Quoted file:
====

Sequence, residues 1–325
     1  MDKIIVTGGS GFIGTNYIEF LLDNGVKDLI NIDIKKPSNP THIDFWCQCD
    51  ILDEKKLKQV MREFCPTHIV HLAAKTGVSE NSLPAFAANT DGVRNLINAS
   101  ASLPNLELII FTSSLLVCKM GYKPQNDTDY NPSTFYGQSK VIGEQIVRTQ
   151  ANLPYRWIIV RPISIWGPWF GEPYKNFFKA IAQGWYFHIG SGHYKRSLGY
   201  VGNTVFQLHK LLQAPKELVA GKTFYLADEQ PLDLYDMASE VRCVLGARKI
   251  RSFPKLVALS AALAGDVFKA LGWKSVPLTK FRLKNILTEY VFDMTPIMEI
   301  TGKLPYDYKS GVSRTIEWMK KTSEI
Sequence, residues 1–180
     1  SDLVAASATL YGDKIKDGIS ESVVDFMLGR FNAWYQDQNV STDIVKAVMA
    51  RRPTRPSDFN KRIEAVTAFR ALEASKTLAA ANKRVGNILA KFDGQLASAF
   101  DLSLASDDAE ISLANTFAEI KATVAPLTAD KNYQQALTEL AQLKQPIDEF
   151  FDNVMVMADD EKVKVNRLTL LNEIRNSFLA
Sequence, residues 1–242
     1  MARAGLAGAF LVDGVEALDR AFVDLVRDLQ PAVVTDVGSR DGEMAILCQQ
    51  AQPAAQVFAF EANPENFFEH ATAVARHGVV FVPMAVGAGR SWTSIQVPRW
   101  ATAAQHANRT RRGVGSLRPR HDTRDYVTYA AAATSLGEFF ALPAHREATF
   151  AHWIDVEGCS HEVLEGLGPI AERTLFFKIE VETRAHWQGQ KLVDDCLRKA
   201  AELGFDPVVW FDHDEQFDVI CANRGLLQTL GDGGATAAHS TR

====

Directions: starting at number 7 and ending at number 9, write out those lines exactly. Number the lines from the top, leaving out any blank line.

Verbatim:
   251  RSFPKLVALS AALAGDVFKA LGWKSVPLTK FRLKNILTEY VFDMTPIMEI
   301  TGKLPYDYKS GVSRTIEWMK KTSEI
Sequence, residues 1–180